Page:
France’s Duval-Leroy champagne house is celebrating the upcoming grape harvest with day-long immersion experiences offering wine-tasting and a look behind the scenes of this key stage in the wine-making process.
Known for the refined, elegant nature of its wines, the champagne house located in Vertus, France, is a heavyweight of the official champagne-growing region. More than 250 Michelin-starred restaurants serve one of the house’s tipples, such as the emblematic “Femme de Champagne” vintage.
For the first time, the family has accepted to open the doors of its estate to wine lovers during the upcoming grape harvest – a crucial time for any wine grower. Duval-Leroy has developed a special tour for anyone curious to discover a typical day in the life of a grape picker, without having to sign up for a whole season’s work. During the upcoming harvest, wine lovers are invited to grab a pair of secateurs and follow the instructions of the full-time harvesters. A lunch – an important moment that traditionally brings together all the seasonal workers – will then be served in the vineyard. In the afternoon, “students” will visit the estate and sample the house’s “vins clairs,” the base wines used to make Champagne. This is a rare opportunity for fans of the bubbly stuff to discover the wines used in champagne’s “assemblage” process, before it gets its fizz. The tour costs €50 (approx. $56) per person.
For those with more cash to splash (€300 or approx. $336 per person), a second “immersion” experience concludes the same program of events with a gastronomic dinner, cooked by the Duval-Leroy in-house chef. This champagne-steeped meal promises to tantalize taste buds with stuffed macaroni, black truffles, asparagus and foie gras. Participants can also enjoy a wine-tasting lesson from the cellar master in person. The estate’s “vins clairs” feature on the agenda, along with the chance to sample one of the estate’s most prestigious vintages.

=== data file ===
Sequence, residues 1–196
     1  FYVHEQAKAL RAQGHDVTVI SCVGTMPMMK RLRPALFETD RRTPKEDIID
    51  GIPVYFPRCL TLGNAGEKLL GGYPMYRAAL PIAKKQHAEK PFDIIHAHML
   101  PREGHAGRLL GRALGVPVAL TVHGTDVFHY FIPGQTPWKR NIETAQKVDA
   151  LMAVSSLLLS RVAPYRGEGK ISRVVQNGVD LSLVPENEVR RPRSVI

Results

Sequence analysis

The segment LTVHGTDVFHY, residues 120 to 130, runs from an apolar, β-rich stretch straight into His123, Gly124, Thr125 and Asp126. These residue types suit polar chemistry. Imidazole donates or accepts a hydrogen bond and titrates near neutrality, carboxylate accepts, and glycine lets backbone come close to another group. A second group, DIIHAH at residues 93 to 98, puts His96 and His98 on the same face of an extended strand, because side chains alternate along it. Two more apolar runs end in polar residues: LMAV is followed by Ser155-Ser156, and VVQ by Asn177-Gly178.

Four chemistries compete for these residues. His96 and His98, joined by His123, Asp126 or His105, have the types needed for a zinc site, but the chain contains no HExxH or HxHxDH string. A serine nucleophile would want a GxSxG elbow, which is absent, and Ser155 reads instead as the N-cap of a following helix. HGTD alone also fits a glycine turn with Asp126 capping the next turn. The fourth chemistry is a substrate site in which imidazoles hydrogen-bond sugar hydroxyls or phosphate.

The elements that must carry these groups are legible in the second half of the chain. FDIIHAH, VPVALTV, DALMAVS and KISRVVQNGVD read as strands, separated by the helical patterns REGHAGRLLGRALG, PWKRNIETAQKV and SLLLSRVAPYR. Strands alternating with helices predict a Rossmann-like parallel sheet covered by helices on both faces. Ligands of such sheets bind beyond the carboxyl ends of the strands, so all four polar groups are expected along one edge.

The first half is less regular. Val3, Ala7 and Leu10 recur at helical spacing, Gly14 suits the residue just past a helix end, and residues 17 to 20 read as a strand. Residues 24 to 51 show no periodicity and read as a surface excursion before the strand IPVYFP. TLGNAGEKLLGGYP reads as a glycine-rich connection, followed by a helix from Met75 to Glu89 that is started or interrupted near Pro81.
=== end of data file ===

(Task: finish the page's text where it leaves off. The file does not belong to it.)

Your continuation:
The grape harvest in France’s champagne region is expected to take pace in mid-September. The country’s most northerly wine-growing region experienced challenging weather conditions at the beginning of the year. Almost a quarter of the area in the official champagne-producing region was hit by frost at the end of April. Hail and rain in the springtime brought further damage. The Comité Interprofessionnel du Vin de Champagne (CIVC), which represents growers and producers, reported this summer that certain sectors saw twice the average rainfall seen over the last 20 years.
Source: Luxuo.com Photos: Luxuo.com